Policies from both sides

VOTERS heading to the polls today have a number of things to think about.

It will not just be about who to vote for at a local level, but at a national level.

Many voters will choose to vote for the local candidate they feel have promised to deliver what the community needs, while others will look at which major political party’s policies best suit the electorate and the nation.

Both sides have argued that they are the better party to run Australia and both parties have been guilty of playing the political game. Opposition Leader Tony Abbott during the Liberal National Party campaign launch in Brisbane said from day one, a Coalition government would stop the school hall rip-offs by giving money directly to school P&Cs that wouldn’t waste it.

“From day one under a Coalition government, the mining industry could do again what it does best — creating wealth and employing hundreds of thousands of Australians without the threat of an investment killing, jobs destroying great big new tax.

“In week one ladies and gentlemen, a Debt Reduction Taskforce will be established, co-chaired by Joe Hockey and Andrew Robb, to get to the bottom of Labor’s waste and mismanagement, to see the real state of the government’s books and to prepare a comprehensive plan to start repaying Australia’s $90 billion debt.

“In month one, an economic statement will be issued outlining Australia’s financial risks and opportunities and the new government’s response to them.

“As a liberal, I support lower taxes, smaller government and greater freedom. As a conservative, I support a fair go for families and respect for values which have stood the test of time. As an Australian, I support policies which work and which don’t trifle with our country’s future.”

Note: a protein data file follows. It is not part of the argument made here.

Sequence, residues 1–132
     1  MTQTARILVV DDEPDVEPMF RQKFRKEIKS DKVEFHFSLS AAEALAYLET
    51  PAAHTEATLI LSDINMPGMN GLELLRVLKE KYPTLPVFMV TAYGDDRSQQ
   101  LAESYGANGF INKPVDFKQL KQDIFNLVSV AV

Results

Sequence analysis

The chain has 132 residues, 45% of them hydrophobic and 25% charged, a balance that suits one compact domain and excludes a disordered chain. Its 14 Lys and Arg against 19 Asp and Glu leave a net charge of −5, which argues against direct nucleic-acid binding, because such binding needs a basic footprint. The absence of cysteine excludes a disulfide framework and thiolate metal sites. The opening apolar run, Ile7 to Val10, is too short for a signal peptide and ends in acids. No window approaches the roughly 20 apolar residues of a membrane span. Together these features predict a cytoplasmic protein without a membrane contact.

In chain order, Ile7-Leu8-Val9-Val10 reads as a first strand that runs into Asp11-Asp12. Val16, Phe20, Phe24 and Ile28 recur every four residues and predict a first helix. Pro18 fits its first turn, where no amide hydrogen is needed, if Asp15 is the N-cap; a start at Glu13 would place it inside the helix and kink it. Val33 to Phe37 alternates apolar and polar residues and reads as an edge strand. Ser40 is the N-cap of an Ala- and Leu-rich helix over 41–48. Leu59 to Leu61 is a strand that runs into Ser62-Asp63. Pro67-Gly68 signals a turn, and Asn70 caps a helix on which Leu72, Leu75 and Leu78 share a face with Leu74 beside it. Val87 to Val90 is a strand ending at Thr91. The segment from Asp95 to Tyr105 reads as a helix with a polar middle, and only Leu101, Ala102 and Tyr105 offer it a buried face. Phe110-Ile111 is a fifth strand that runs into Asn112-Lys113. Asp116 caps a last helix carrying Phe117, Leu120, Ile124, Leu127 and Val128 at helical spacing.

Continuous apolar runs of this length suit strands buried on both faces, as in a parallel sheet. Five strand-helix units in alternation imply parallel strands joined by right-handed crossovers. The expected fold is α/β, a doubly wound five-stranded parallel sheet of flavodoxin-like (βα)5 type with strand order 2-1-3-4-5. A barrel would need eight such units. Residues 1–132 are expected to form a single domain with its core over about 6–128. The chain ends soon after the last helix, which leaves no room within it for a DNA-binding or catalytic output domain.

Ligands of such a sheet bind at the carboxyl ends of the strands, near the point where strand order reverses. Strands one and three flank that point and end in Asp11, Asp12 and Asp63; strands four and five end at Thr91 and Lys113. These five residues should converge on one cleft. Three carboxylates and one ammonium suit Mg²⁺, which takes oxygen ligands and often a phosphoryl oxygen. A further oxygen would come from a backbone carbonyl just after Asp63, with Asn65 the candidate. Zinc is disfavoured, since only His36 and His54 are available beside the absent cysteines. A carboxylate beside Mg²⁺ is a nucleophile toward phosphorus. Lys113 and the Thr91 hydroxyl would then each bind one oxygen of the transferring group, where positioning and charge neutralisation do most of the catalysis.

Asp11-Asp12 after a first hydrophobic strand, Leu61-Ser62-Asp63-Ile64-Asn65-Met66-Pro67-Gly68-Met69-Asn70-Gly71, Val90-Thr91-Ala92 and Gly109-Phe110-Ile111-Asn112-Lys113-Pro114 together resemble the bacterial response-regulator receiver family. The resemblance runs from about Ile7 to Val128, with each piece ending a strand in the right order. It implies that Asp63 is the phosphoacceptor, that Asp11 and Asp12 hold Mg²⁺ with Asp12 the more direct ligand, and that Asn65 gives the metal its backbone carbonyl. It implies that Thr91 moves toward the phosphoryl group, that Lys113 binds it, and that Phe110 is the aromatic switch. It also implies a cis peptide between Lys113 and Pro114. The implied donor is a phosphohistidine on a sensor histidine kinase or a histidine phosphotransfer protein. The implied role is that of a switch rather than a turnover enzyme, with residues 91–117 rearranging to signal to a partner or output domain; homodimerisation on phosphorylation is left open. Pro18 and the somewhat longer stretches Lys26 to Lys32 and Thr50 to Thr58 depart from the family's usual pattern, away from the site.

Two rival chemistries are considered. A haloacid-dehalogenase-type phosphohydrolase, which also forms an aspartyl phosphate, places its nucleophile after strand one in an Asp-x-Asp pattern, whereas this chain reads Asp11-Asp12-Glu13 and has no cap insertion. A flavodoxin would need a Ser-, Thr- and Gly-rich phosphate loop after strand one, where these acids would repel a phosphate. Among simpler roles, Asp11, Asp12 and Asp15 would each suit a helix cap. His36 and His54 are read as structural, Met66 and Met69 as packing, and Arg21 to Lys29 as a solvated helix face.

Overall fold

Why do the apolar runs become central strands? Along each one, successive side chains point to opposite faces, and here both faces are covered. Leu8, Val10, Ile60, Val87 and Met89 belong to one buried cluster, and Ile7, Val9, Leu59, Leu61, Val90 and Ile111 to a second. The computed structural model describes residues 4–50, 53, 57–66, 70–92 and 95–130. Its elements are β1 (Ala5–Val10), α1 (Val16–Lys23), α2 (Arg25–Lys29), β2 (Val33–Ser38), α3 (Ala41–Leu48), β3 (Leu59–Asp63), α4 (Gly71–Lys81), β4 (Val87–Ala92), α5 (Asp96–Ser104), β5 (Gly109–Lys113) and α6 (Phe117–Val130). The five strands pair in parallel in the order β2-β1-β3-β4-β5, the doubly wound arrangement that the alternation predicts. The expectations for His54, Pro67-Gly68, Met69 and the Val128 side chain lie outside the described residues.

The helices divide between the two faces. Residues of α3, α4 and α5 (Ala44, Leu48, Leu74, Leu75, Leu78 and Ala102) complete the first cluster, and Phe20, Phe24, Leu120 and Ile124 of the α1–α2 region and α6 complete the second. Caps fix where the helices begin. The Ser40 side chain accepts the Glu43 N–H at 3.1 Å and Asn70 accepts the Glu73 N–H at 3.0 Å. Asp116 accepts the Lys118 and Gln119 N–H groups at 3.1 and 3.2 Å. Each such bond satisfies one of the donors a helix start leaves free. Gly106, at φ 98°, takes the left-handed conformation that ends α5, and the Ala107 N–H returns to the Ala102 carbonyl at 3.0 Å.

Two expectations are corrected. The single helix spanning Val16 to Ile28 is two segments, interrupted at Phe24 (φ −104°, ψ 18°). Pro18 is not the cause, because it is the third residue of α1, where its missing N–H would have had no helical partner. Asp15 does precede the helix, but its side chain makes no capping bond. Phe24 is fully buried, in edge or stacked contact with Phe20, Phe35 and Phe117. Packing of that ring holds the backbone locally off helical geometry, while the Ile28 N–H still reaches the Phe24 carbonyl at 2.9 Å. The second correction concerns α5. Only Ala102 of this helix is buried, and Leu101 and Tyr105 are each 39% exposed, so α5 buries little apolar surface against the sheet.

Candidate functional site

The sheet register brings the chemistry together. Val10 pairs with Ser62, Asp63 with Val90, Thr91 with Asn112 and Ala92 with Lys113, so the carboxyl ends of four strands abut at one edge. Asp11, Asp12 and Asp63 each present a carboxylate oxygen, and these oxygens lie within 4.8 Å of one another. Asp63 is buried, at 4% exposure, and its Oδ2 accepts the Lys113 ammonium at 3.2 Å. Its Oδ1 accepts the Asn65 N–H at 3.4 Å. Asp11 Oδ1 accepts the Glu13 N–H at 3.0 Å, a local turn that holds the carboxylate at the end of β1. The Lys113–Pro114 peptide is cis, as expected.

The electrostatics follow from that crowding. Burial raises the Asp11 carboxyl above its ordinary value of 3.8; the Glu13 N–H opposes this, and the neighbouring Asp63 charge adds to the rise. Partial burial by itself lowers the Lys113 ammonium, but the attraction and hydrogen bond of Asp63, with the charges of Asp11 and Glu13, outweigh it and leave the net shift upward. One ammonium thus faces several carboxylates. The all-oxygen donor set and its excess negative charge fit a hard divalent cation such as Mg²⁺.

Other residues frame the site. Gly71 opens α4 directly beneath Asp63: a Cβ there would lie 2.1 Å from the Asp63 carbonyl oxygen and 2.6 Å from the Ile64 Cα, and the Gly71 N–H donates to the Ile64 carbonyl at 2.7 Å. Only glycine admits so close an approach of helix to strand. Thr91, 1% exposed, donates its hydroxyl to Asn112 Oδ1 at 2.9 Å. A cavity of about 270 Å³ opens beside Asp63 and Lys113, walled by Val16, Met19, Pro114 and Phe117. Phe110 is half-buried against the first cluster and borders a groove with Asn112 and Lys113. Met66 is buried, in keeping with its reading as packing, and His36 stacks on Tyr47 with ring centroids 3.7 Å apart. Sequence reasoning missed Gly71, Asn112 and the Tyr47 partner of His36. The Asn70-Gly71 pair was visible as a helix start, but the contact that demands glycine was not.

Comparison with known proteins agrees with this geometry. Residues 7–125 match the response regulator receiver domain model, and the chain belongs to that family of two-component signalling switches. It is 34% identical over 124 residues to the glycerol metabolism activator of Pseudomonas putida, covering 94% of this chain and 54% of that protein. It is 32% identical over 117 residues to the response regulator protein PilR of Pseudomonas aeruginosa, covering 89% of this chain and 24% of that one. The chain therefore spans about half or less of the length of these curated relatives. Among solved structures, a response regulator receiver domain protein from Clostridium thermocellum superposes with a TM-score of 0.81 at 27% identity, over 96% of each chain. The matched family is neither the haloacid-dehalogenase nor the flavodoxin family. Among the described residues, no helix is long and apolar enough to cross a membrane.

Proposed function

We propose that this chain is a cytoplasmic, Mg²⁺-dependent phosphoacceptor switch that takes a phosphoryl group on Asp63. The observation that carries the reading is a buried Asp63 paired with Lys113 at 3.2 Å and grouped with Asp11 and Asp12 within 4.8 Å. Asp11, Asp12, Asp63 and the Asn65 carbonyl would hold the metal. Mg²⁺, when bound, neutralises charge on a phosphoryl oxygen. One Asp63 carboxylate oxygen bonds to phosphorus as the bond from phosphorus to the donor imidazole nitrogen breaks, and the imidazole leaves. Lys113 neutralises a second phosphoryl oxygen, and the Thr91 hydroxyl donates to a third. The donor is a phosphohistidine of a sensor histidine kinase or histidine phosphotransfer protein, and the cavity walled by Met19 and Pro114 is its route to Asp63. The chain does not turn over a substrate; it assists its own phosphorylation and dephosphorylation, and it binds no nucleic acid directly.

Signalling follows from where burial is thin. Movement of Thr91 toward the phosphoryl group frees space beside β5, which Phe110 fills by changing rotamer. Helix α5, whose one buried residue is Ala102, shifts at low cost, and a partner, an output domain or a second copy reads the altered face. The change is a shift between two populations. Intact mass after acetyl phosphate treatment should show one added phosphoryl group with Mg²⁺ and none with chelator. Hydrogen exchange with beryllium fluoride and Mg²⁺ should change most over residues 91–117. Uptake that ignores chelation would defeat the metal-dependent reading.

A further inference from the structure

Prime Minister Julia Gillard, at the Labor Party’s campaign launch recently, said Mr Abbott doesn’t tell the simple facts.

“The simple facts that the global financial crisis caused debt and deficit for economies around the world and when we look at other major advanced economies, they have a debt, on average, 15 times greater than ours,” she said.

“My plan for jobs is that we will invest in the skills that our people will need to compete in the future. We will invest in the infrastructure of the future including the National Broadband Network and we will cut taxes for all businesses in this country.

“We would assist people to relocate to those parts of the country that can offer them the benefit of work. I want to put a priority on making sure that we do not see children inherit joblessness form their parents.

“We are a confident, optimistic people. There is no challenge too great, that we can’t tackle it, if we do it together.”

Labor Party policies

$7.3 billion over five years on items such as more hospital and aged care beds, train more doctors and cap emergency waiting at four hours.

Pensioners to earn an extra $6500 a year without losing any of their pensions.

National Broadband Network with optic fibre network.

Building Education Revolution; Education Tax Refund covering items such as school uniforms.

Mining Resource Rent Tax to fund infrastructure.

Superannuation guarantees from 9 per cent to 12 per cent over next decade and raise age limit from 70 to 75.

Paid Parental leave - start next January and offer 18 weeks paid at the minimum wage of $543.78.

Liberal Nationals Party policies

Health – bring back hospital boards.

Seniors health – will index income thresholds for the Commonwealth Seniors Health Card, giving more people access to cheaper prescription medicines.

Communications – mobile phone black spots, wireless broadband.

Education – instead of Trade Training Centres, build Australian Technical Colleges; Education Tax Refund covering items such as school fees, drama lessons and excursions.

Will establish a standing Green Army, 15,000 strong, to complement the landcare efforts of farmers, volunteers and national park rangers.

Six-month paid parental leave scheme, with big companies to be slugged by a 1.5 per cent levy from July 2012.

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